Posted by Phil Haslanger 1 year 16 weeks ago
Editor's Note: The following is the text of an invocation being given at the May Day Rally in Madison, Wis.When we gather at a place like our State Capitol, there are people here from all sorts of religious and non-religious backgrounds.There are Christians and Jews, Muslims and Buddhists, Hindus and and Bahai, Humanists and people who are pretty sure they believe something, but don’t know exactly how the heck to describe it.What connects us all this day is a spirit of hospitality, a spirit of compassion and a spirit of justice.At their worst, religious and other beliefs can isolate us in little camps where we see outsiders as threats. At their best, they call us to hospitality, not only to those we know, but to the strangers in our midst – those who come from other places, speak other languages, seek a new life. At their best, they call us to embrace those who seek to be part of our community.
Posted by Phil Haslanger 1 year 17 weeks ago
Last week was on in which what God envisions for our world seemed so very, very far away.We watched in horror last Monday as two bombs exploded at the finish line of the Boston Marathon. We wept as we heard about the death of an 8-year-old boy, a 23-year-old grad student, a 29-year-old restaurant manager. We shuddered as we thought about the 170 people injured in the bombings, many of them losing feet or legs. We asked why. Why did this happen? How could human beings do this to others?Tuesday, we learned about poisoned letters being sent to elected officials. Real poison, not just the poisonous words that are so much of our political dialogue. Is this really what God envisioned for us?
Posted by Phil Haslanger 1 year 20 weeks ago
A caller into a Christian radio station was telling the hosts about some of the strains in her marriage. Soon, she was talking about the physical abuse she was receiving from her husband.And the response of the hosts of this Christian radio show? “What are you doing that is making him so mad?”There’s a sad history in too many Christian churches of pastors telling abused wives that their duty is, as one author noted, “to trust that God would honor her action by either stopping the abuse or giving her the strength to endure it.”I don’t think that view is as common in churches as it once was. And in many churches pastors and other faith leaders will act thoughtfully and quickly to come to the aid of a victim of abuse. But the undercurrent of tolerating abuse lingers.A renowned theology professor from the Southern Baptist Theological Seminary, Bruce Ware, preached a few years ago that when women refuse to submit to their husbands, men will sometimes respond with abuse. He did not condone that, but he seemed to accept it as inevitable.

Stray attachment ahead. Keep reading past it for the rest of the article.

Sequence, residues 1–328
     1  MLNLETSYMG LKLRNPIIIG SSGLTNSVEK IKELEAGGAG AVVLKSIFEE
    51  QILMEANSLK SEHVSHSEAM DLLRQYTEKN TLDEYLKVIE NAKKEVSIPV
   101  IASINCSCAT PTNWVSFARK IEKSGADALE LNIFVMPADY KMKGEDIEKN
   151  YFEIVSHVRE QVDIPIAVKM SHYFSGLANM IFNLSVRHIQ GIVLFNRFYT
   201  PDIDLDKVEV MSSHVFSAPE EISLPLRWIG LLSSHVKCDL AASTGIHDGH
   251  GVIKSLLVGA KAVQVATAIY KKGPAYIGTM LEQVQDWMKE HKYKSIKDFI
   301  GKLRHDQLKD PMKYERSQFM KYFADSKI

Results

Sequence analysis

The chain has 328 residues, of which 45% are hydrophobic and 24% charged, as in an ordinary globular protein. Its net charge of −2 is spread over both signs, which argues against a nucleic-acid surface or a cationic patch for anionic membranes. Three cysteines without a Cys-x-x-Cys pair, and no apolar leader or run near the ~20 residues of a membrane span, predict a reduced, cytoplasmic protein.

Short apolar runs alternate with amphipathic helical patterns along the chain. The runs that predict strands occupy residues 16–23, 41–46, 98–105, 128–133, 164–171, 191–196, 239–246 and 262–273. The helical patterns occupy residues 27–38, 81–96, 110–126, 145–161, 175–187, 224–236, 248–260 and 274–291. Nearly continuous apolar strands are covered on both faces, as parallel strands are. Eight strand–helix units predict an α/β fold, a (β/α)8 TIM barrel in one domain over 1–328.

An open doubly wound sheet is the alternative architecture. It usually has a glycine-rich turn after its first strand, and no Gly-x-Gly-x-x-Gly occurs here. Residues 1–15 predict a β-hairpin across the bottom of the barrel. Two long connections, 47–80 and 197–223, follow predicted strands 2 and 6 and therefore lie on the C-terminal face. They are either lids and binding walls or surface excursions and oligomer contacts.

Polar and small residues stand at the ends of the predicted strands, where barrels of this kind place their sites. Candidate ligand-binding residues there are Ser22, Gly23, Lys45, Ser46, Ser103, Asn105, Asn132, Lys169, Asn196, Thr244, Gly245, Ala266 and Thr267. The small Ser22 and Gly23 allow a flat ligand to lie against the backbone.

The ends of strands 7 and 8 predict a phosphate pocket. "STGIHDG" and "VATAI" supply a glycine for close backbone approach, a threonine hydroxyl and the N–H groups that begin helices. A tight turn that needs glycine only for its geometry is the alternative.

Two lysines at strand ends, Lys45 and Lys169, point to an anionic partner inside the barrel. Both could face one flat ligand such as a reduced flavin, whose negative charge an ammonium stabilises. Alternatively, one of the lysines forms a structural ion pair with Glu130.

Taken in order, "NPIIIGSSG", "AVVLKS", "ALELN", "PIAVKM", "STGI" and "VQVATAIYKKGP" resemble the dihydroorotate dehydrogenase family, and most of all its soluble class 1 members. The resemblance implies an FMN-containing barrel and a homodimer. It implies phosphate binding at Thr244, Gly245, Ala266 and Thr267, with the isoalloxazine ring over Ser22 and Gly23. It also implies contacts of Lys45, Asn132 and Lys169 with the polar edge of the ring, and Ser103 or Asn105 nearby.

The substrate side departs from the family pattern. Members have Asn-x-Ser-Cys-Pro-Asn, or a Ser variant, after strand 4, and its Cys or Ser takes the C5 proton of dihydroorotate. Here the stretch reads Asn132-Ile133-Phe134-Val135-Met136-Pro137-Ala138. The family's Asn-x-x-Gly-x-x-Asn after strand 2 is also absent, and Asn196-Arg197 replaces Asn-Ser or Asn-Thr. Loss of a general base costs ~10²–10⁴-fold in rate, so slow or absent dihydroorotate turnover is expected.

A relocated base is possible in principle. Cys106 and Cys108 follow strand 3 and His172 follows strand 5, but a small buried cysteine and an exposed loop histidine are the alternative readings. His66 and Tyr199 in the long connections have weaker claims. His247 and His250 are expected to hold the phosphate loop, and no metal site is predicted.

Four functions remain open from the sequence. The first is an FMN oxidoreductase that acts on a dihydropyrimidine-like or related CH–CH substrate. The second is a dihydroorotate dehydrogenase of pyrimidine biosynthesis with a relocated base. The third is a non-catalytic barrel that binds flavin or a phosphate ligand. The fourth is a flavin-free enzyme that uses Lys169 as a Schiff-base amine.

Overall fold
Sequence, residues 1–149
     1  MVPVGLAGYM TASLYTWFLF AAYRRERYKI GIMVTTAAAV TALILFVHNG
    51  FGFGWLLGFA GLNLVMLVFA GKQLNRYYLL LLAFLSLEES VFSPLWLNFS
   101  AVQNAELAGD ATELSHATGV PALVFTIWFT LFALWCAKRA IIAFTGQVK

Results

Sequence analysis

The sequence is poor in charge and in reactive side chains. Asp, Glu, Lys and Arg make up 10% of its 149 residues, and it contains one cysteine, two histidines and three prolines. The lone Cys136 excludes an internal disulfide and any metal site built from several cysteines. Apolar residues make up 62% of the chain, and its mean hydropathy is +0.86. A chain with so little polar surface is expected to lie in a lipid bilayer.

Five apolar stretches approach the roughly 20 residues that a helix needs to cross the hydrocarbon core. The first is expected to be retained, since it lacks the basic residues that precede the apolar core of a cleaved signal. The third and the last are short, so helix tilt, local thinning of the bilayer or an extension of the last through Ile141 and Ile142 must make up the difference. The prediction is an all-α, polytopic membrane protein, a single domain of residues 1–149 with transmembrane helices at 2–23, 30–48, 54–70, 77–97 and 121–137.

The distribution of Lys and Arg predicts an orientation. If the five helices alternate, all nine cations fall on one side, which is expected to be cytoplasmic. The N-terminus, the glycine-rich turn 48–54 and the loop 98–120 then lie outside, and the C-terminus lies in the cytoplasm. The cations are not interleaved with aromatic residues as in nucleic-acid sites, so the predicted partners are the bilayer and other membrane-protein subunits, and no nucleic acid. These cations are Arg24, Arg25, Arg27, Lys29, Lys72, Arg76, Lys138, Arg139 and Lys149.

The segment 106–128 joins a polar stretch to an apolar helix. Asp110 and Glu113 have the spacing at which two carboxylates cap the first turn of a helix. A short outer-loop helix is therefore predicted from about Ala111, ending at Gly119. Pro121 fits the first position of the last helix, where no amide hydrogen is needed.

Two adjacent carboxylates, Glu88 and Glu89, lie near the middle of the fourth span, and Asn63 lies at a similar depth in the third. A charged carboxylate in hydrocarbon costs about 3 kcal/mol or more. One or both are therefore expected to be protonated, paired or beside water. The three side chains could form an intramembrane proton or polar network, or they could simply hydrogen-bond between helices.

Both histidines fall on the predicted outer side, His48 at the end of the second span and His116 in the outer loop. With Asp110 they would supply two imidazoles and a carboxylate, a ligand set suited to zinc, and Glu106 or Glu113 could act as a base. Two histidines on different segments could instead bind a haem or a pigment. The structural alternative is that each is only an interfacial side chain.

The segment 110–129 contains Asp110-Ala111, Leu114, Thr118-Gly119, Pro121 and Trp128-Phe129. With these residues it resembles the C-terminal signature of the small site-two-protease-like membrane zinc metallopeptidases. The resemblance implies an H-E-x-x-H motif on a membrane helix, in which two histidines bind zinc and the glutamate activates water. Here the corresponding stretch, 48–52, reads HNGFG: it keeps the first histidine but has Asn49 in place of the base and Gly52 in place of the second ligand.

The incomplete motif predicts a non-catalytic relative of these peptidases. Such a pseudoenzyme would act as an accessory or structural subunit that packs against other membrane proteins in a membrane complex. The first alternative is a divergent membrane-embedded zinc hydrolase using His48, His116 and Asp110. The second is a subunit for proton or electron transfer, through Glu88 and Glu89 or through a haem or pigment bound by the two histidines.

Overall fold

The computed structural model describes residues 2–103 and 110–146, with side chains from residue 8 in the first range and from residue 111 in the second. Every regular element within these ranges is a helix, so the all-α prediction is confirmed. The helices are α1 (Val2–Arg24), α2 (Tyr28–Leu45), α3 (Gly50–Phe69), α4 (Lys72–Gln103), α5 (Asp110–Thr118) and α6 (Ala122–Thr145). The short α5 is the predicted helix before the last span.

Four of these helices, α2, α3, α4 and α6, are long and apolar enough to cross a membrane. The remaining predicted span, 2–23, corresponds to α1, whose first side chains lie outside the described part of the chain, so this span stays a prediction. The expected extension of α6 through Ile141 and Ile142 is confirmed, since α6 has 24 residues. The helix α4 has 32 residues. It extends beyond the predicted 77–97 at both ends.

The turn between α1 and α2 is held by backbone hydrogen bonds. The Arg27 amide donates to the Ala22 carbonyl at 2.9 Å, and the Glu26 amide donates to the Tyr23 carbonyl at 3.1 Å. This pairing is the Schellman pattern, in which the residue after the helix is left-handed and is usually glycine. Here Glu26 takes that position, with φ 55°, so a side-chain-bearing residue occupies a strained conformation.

Posted by Phil Haslanger 1 year 25 weeks ago
The drone operators sit at consoles on military bases around the U.S. They track their targets and when the moment is right, they send the command to fire. And then people die.Drones have been in the news a lot over the past month as Congress has considered the nomination of John Brennan to head the Central Intelligence Agency (CIA). Brennan has been the chief architect of the drone policies of the Obama administration.The constitutional questions have gotten quite a public airing, but drones raise deeper moral questions about what constraints there are on weapons of war.Yes, drones are efficient, effective, and economical. But what do they do to the soul of this nation, to the psyches of those who push the buttons from half a world away? If they are moral for the U.S. to use at will in any nation of the world, are they moral for other nations to use against us?
Posted by Phil Haslanger 1 year 28 weeks ago
So you might think that religious folks for the most part are not big fans of guns, and for the most part you’d be right.And then you run across these comments from a California legislator, who said guns are “essential to living the way God intended.” That was Rep. Tim Donnelly, who told a Christian radio show Jan. 16 that guns “are used to defend human life. They are used to defend our property and our families and our faith and our freedom.”Well, yes, guns are used that way. They are used in lots of other ways too — to kill people we don’t like, to hold up banks, to commit suicide. It’s harder to wrap those under the banner of God’s intent.For Christians, it’s hard to square the deification of guns with Jesus telling his followers to put away their swords, even as he was being arrested and led off to death.That’s why a wide coalition of religious voices are speaking out in the great national debate about how we can live up to the Second Amendment’s call for having a “well-regulated militia.” Notice the words “well-regulated.”As the Very Rev. Gary Hall, the new dean of the National Cathedral in Washington, D.C., said two days after the horrific shootings at Newtown: “I believe the gun lobby is no match for the cross lobby.”